26Aug
0

Keeping a home well ventilated, comfortably heated, cooled and as healthy as possible means having an ideal, balanced environment. Achieving this type of environment is possible by incorporating a heat transfer system into a residence in order to help existing heat sources work together and satisfactorily balance temperatures from room to room. Consistent temperatures correlate to dryer, warmer more comfortable conditions, more affordable energy bills and a healthier home.

How a heat transfer system works

Heat transfer systems, once installed into a home’s core ventilation system, allows occupants to manage their residential environment in the most efficient way possible. Heat transfer systems are designed with sophisticated ducting that quietly moves excessive heat from warmer areas to colder areas, effectively balancing temperatures. According to HRV, heat transfer systems also alleviate mold, improve air quality and reduce condensation altogether. Distributing warmer air to other areas of a home that may benefit from it, is both cost effective and energy efficient.

Methods of heat transfer

Heat transfer systems utilize heat, or energy from sources like fireplaces and heat pumps to create even temperatures throughout a home by moving warmer air to an area with cooler air. Methods of heat transfer include:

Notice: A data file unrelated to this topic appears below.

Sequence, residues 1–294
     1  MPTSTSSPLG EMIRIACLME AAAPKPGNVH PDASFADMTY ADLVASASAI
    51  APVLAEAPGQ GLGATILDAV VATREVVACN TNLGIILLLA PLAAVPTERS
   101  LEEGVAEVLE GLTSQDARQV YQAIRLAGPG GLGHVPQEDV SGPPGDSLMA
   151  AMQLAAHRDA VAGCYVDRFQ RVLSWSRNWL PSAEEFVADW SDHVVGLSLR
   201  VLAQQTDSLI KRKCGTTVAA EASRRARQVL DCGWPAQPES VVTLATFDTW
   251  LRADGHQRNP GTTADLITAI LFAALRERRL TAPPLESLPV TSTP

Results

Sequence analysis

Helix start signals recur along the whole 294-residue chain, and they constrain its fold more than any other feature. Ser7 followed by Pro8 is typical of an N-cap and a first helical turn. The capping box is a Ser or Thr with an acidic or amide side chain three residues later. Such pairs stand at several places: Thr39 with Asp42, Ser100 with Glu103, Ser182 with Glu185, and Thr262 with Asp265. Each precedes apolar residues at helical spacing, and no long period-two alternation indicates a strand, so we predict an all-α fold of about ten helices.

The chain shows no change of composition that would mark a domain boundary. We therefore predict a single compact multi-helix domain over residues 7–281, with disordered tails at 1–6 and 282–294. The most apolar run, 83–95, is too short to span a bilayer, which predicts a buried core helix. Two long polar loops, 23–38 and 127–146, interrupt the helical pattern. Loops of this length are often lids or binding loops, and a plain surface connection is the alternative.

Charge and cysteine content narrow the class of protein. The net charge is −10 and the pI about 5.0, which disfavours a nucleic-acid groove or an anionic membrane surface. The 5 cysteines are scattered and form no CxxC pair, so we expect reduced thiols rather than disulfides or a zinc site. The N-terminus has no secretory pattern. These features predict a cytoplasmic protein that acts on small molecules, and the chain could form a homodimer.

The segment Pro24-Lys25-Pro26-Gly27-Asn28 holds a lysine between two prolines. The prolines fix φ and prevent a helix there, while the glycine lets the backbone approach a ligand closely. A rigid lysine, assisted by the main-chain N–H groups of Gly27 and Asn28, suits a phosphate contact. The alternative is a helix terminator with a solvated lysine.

• Conduction

  • Convection; and

  • Radiation

A heat transfer system works by way of convection, thereby allowing heat to flow in the form of energy and successfully transfer that heat from a warmer space to a cooler one.

The difference between heat transfer systems and radiant heating

Radiant heating comes prefabricated in many floating floor or laminate materials. The warmth felt from radiant heating comes directly from the source. For example, sub-floor heating systems, often found in bathrooms, typically use electrical conductors to heat the floor, and accordingly produce heat for an entire space. While radiant heating is an adequately efficient way of heating one space, heat transfer systems on the other hand, electrical at the source, differ because they transfer heat from a completely different location.

Efficiency of heat transfer systems

Although initial installation costs can be of consideration, heat transfer systems immediately produce cost-savings on utility and energy bills. These systems have the ability to minimize wasted energy through maintaining more consistent temperatures overall. Moreover, heat transfer systems may be eligible in some areas for tax credits for their energy efficiency benefits.

Alleviating cold, dampness and extra moisture or even mold in a home is not only visually beneficial, it provides a healthier environment to reside in. Heat transfer systems effectively dry areas of the home that are susceptible to these conditions by warming them and creating a more balanced environment that condensation will not be produced in. Further, heat transfer technology is an excellent solution in many demographic regions. Whether a home needs seasonal considerations, or from a design standpoint, construction materials require additional diligence, heat transfer systems can improve and accommodate many home challenges.

AROUND THE WEB

Leave a Reply